Daryl Mitchell: From Typical Kiwi Boy to The Rarest Of Cricketing Breeds

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First T20I, Pallekele: 45 needed off 27 for the BLACKCAPS. Kasun Rajitha had to bowl a slower ball. Daryl Mitchell, new to the crease, was nearly beaten two balls back. Fortunately for Mitchell, this one was in the slot begging to be hit and gave him the perfect opportunity to swing on the leg-side. He ended up lofting it well over mid-wicket. Hitting in the V is something he is known for. 19 balls later with nine required off eight, Malinga had to produce something out of the ordinary. If anyone, it was him who could but couldn’t. A slower delivery again but in the slot outside off had Mitchell clubbing it over long-on’s head for another maximum. Do all you want, it was surely curtains for Sri Lanka now. Mitchell had provided the perfect finishing fireworks with an unbeaten 19-ball 25. There’s surely more in the offing?


The tradition of having to choose between cricket and rugby at some point in your teenage years in New Zealand has stood the test of time. Growing up in Hamilton, Daryl Mitchell was no exception to it but what did seem different was that his dad, John Mitchell, was a former All Black player-turned-coach. It meant that Daryl grew up around a rugby environment watching teams train.

“He’s always just been my dad, he’s gone to work just like every other dad does,” Daryl says. “It just happened that he went to rugby training instead of to an office or something.

It was cool watching the All Blacks or the Chiefs or England train. I would get to rub shoulders with some pretty cool sportsmen. My dad’s been a good influence on me in many ways. With him away, it was challenging but I wouldn’t have it any other way.”

After his dad secured a deal with Western Force in Perth, Daryl wound up playing for Scarborough Cricket Club and eventually the Western Australia U19s. During his high school years, he was close to playing for the Australian School Boys on the rugby front but missed out on the U18s. At around 18, he had to part ways with rugby and choose cricket- a move which has paid dividends since then.

“I was a typical New Zealand boy playing rugby in the winter and cricket in the summer. Been around rugby my whole life but if I am going to be honest, cricket was my passion. (I) Was always in the backyard playing and watching the BLACKCAPS or Boxing Day tests in the Ashes. I have always been glued to cricket.”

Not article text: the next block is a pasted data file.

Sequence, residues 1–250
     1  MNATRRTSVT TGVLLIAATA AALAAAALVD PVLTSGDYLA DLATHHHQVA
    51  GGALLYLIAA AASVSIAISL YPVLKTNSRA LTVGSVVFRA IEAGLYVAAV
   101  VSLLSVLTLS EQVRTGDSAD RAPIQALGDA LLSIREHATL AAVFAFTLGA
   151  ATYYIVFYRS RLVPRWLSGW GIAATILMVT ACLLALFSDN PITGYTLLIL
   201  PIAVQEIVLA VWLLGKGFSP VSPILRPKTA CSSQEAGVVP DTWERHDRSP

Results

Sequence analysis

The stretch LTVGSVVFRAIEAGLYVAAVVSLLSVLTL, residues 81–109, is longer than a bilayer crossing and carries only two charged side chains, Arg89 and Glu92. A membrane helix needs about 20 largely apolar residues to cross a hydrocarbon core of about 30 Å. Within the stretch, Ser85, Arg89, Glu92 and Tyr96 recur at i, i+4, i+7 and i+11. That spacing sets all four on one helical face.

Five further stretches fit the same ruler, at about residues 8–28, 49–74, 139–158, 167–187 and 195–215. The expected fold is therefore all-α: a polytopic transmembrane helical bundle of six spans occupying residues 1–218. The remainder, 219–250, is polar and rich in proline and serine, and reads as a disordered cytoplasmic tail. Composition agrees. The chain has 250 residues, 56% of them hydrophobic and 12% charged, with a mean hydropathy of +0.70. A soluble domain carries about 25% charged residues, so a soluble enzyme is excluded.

A T20I debut against India was a challenging ask but was in the offing after he had a stellar Super Smash season last year with the Northern Districts where he finished as the third highest run-getter with 323 runs in ten innings at a strike rate of 139.22- including the highest six-hitting tally in the season with 19 maximums.

Started off a batsman, he has honed his death bowling skills of late adding wide yorkers and cutters to his armoury. A batting all-rounder specialising in death bowling is the rarest of all cricketing breeds.

“Death bowling is something I have developed over the last few years. I think it suits my personality, always wanting to be involved in the game and trying to be a part of the big moments. I enjoy bowling in the death overs being able to guess what the batters are up to. It’s a game of cat and mouse!

Talking about his variations, he adds, “You always try to stay a few steps ahead of the batter. I have got a few tricks up my sleeve but at the same time I want to keep it simple so it doesn’t get too complicated when you’re out there. It’s almost like whatever the batsman is doing, you try to do the opposite.”

With the World T20 World Cup barely a year away, his first overseas assignment against Sri Lanka will be crucial as he looks to adapt to slower pitches.

“The WT20 World Cup is just 12-14 months away so it’s obviously exciting. Sri Lanka in their own country is a dangerous team and looking at their squad, they have got a young side but a lot of power throughout their batting line-up and some tricks up their sleeve with the bowling. Going to be a good challenge, exciting times!”

In terms of conditions being different from back home, Mitchell remains unperturbed and is more focussed on the game plan instead of being bogged down by subcontinental challenges.

“I was lucky enough, when I was 20, came out here on an ‘A’ tour. Few things have changed in my game since then. In terms of conditions, the wickets are a lot slower so you try to stay in your shot a little bit longer but the game plan is still the same. Same distance between the wickets and the bowler’s got to bowl the same thing!”

With a perfect mix of youth and experience in the side, there will be significant backing for Daryl Mitchell to play his shots. Will his dad, the current England Rugby defence coach, be watching?

“He’s been pretty busy with the Rugby World Cup coming up but I am sure he’ll be watching. I have got my BLACKCAPS jersey and his All Blacks jersey framed up next to each other!”